Wet winter or continued drought: Clovis prepares for two weather extremes

By Diana Giraldodrought10

The weather is not giving California a break.

After a stressful summer due to the lack of water and residents conserving the little available, California could be receiving the big gulp it desperately needs.

The latest update from the National Oceanic and Atmospheric Administration (NOAA), states there is a 90 percent chance El Nino will continue through the winter and an 80 percent chance it will last until the early spring, said Gary Sanger, a meteorologist at the National Weather Service.

The El Nino is a phenomenon where the normally cold water off the west coast of South America near Peru gets abnormally warm and the atmosphere above the water also warms which can change the pattern of the jet stream, the narrow air currents found in the atmosphere.

At this moment a strong high pressure system is over the coast off the United States which has kept the storm track away from California, Sanger said.

“If we get a strong El Nino that would shift the storm track over toward California,” Sanger continued.

But the forming of a strong to moderate El Nino does not indicate a wet winter for California.

“It (El Nino) is not exactly the ideal predictor of what the weather will be like in terms of rainfall,” Sanger said. “We want to make people understand that, yes it’s an encouraging sign but its only sign and there are no guarantees.”

In the past, California has experienced El Ninos that have produced abundant rainfall in Central California. Conversely, the state has also had El Ninos that have only produced normal or less than normal rainfall.

“The fact is that half moderate to strong El Ninos that last into winter do produce a wet winter and half do not,” explained Sean Boyd, a lecturer at Fresno State in the department of Geography and City and Regional Planning.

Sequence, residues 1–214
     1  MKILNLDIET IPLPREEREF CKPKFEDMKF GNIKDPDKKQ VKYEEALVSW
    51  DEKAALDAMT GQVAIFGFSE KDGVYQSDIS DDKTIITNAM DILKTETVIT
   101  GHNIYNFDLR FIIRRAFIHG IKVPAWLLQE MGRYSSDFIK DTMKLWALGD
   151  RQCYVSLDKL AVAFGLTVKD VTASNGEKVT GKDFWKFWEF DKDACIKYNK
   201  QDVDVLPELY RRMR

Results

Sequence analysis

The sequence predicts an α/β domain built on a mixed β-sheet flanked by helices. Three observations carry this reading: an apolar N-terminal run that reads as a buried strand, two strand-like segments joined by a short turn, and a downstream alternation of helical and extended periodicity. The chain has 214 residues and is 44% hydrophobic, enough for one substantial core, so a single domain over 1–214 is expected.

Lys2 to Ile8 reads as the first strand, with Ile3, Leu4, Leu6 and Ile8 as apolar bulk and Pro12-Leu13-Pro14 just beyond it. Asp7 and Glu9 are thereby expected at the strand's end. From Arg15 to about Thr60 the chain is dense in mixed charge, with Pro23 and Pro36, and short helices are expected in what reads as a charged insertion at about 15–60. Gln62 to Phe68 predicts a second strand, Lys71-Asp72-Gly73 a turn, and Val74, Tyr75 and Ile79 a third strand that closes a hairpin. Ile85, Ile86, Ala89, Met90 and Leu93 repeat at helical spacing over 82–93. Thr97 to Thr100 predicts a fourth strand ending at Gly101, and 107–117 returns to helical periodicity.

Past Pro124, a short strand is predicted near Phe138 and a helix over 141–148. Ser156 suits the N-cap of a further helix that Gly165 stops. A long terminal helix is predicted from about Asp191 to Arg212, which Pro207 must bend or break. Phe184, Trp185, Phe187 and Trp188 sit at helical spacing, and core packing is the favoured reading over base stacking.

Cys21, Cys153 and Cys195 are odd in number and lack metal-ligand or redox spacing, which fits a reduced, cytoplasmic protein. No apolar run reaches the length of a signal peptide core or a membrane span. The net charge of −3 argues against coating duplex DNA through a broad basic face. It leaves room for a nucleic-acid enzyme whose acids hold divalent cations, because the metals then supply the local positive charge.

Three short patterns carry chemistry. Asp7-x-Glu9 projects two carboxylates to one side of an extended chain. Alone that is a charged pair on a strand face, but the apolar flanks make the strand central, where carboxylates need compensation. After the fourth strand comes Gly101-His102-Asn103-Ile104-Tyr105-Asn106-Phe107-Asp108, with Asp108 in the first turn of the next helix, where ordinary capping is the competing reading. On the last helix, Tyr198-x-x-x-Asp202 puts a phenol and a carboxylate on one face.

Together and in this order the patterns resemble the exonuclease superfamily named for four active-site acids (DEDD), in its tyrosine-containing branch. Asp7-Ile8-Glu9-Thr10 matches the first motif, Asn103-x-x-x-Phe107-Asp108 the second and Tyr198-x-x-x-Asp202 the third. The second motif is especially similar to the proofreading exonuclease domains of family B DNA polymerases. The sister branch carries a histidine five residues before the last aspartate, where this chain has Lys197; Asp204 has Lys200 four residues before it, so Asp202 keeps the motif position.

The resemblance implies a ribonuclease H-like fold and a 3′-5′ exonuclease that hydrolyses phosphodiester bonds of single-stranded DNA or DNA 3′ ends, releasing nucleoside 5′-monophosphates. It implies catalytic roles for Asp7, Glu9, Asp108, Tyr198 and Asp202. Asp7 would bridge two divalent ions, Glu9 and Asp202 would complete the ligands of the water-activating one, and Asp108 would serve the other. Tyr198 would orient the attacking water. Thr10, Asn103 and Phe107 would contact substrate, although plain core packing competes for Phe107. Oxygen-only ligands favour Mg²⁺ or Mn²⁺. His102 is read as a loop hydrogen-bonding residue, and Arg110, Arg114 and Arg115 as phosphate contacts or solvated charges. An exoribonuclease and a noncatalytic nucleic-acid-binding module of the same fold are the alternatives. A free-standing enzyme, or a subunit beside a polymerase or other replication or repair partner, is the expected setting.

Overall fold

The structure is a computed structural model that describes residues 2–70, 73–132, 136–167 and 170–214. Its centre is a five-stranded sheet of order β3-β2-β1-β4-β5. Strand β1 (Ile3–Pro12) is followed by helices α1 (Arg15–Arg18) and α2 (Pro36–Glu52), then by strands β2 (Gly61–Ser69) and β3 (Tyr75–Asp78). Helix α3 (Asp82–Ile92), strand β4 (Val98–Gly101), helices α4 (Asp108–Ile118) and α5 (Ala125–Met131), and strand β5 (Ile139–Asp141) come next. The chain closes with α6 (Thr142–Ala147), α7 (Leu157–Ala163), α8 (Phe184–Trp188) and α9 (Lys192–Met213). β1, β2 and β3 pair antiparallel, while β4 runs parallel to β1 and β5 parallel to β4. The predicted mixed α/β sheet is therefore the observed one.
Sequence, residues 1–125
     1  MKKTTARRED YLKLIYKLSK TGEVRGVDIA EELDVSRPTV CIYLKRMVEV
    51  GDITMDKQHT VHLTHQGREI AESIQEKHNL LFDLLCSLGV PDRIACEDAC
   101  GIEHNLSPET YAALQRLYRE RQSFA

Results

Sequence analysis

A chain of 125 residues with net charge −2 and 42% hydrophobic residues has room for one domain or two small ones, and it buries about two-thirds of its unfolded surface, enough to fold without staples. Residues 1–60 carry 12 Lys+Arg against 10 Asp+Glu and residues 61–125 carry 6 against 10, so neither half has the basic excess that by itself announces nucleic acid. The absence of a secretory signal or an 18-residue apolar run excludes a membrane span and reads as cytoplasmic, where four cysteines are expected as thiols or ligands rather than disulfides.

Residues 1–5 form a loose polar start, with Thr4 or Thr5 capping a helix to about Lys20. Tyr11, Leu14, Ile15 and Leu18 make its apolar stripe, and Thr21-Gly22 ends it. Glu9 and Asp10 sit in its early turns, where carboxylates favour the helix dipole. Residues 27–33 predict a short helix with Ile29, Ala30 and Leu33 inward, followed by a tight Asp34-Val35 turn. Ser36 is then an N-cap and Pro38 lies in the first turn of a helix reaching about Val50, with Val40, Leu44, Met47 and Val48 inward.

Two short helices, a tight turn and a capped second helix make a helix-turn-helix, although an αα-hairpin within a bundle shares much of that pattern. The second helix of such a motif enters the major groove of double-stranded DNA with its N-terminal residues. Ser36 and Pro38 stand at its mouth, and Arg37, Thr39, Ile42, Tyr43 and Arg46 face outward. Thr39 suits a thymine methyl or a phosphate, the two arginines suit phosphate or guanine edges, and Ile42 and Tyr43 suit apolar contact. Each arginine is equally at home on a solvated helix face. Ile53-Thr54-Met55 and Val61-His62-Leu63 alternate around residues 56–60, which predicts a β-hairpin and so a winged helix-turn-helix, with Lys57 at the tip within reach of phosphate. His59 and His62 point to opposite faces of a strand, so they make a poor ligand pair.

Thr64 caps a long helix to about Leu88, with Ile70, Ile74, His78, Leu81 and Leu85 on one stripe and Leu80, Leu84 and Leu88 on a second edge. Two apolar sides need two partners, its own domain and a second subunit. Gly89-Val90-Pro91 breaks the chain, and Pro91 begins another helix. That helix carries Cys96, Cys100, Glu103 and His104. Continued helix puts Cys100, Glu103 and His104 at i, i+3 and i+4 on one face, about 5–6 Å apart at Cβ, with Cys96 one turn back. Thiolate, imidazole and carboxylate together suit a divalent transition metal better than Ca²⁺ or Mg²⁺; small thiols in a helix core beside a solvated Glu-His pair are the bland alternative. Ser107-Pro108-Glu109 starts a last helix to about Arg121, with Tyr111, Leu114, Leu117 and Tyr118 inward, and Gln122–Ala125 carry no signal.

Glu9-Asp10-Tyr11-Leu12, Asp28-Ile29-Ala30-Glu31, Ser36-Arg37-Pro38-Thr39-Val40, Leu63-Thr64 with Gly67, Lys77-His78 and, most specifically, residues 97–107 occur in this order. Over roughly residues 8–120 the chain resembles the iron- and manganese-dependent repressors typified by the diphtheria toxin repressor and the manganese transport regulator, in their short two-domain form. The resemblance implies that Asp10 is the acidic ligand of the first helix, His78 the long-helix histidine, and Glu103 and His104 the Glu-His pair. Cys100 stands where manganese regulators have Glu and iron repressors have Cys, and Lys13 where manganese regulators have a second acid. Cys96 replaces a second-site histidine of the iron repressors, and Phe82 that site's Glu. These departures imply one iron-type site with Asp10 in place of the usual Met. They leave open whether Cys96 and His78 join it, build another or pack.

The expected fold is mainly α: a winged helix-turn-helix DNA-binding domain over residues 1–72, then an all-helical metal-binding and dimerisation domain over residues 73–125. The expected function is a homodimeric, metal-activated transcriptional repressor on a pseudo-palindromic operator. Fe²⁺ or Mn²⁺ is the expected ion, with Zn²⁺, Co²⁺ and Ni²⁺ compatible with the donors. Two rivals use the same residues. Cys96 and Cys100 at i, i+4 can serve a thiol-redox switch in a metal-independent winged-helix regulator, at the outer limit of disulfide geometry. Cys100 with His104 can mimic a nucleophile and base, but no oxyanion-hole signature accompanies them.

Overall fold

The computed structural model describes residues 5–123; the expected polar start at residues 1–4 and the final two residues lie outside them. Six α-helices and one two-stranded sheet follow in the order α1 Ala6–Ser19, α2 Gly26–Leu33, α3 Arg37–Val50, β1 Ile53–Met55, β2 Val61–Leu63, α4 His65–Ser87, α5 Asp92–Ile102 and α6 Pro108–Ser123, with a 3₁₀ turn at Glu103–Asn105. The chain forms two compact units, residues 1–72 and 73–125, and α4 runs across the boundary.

Boyd explained many Californians expect heavy rain because they remember the two particularly strong El Nino episodes in recent history, the 1982-83 and 1997-98 El Ninos, which produced much wetter than normal conditions all over California.

“What comes to mind are all those images of houses falling off the coast in Malibu, rivers running crazy, lots of rain and snow and what seemed like a major storm every other day,” Boyd said. “That is prominent in the memory of those who are old enough to remember and experience them but that is only two El Ninos.”

There is no way of predicting if the El Nino will or will not produce a wet winter.

The study of this phenomenon on a global scale only ranges about 50 years and in the past 65 years there have been four El Ninos—two of them led to a wet winter in California and the other two were dryer than average, Boyd said.

California will only know if it will be a wet winter around November/December or once it starts raining. Either way Clovis is prepared, said Luke Serpa, the city’s public utilities director.

“We have contingency plans for excessive precipitation and we also have contingency plans for continued drought,” Serpa said. “We just have to wait to see what happens this winter.”

If a wet winter is to come, the Fresno Metropolitan Flood Control District has an extended system in the Clovis area to manage flood waters.

“We also do some work during heavy storms clearing drains to make sure we minimize localized flooding,” Serpa said.

On a grander scale, Serpa said, there is an extensive reservoir capacity to capture any run off that may be coming down the rivers because the reservoirs have been drawn down to historic lows.

On the other hand, if the Central Valley experiences another below average wet season Serpa is confident Clovis has an abundant supply between the surface water, ground water and the city’s water banking agreement with the Fresno Irrigation District. Given all these sources, Serpa said water demand for next year and even another drought year would be met.

The National Weather Service encourages Californians to check with the weather service periodically for updates on the El Nino situation at www.weather.gov/hanford.

“It has the potential to be fairly healthy but things could change in the next few months,” Sanger said. “We are cautiously optimistic but we don’t want to get peoples hopes up too high and get them busted.”